or the minor horror
of a dog let loose
into the hide.

Binoculars

It is midnight.
I have literally just turned eleven.
My brain is fizzing with the sense of BIRTHDAY.
My feet kick impatiently as my sister slumbers,
and I wish the next seven hours away.
I know I'll get cards,
and bath pearls,
and a Friends video,
and hopefully new felt-tip pens
but most of all
I am getting
NEW BINOCULARS.
This is highly exciting.
This means my Dad and I can tramp through woods
with our own binoculars
and look for birds.
My favourites are jays,
pied wagtails,
avocets
and great tits.
My pre-teen mind does not think to find this funny.

In my first tutorial class
in my new secondary,
all-girls,
hyper intense school,
we have to write a list of Hobbies.
I write:
Writing stories
Playing guitar
Birdwatching.

We read them out. There is a
snick of laughter
coming from the girls who put
Shopping
Cinema
Boys.

Very soon after,
the binoculars become my mum's
and I never go to Lee Valley with my Dad
to look for oystercatchers.
I go to the cinema instead.

Tuesday, April 2, 2013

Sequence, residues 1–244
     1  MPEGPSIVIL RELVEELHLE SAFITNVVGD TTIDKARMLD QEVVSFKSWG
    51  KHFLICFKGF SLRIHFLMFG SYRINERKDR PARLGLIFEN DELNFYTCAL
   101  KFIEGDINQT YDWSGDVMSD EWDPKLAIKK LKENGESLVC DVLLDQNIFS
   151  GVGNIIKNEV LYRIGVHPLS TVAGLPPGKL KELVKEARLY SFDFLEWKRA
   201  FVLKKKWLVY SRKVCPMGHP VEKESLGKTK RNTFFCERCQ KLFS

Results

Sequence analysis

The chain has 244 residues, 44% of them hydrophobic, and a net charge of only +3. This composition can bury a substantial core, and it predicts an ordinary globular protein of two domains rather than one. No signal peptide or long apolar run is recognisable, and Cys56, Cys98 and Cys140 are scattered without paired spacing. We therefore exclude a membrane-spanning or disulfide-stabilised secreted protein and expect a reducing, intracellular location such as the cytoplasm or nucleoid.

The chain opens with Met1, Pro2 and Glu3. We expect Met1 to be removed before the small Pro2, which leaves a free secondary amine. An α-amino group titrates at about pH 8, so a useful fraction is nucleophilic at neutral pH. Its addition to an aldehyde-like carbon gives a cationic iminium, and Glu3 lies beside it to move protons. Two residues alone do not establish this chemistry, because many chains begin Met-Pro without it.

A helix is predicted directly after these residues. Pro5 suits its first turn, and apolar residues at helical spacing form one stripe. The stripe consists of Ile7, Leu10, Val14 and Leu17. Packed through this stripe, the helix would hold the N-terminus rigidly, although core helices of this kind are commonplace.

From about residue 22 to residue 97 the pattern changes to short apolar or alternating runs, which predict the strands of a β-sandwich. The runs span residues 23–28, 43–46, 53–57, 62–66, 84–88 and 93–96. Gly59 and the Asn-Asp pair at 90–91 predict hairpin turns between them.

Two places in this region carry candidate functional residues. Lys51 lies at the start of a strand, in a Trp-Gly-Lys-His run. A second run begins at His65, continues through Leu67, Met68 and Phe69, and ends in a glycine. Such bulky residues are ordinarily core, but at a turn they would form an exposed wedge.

Middle Class Woes

I'm coming to terms with my middle class woes.
It turns out I have them EVERY DAY.
There's a strike, and there is no Today programme on Radio 4! How will I know what's going on with the world?
Fairtrade cloves are FAR too crumbly to make a pomander.
I have eaten so many M&S redcurrant puffs I may burst.
Mustn't drop my laptop in the footspa while I write this.
Oh, and we ran out of newspaper to wrap food waste in for the compost: so we're using Vogue instead.
Ugh! There's apple in my Waitrose beetroot salad! I DID NOT SIGN UP FOR THIS!
Woah, I nearly deafened myself there, eating Kettle Chips with my noise-cancelling earphones on. Oof!
OH MY GOD there are no avocados in the shops; HOW will I make guacamole now??
Shit, it's Clinique Bonus Time; if I buy two skincare products I get a free make-up bag. My bathroom cabinet is already stocked with everything I need. BUT I WANT THE MAKE-UP BAG. To add to my 'Clinique Bonus Time free make-up bag' drawer.
I *really* cannot get to grips with the new layout of the Radio Times. The daytime schedule wasn't always like this!
Somebody help me.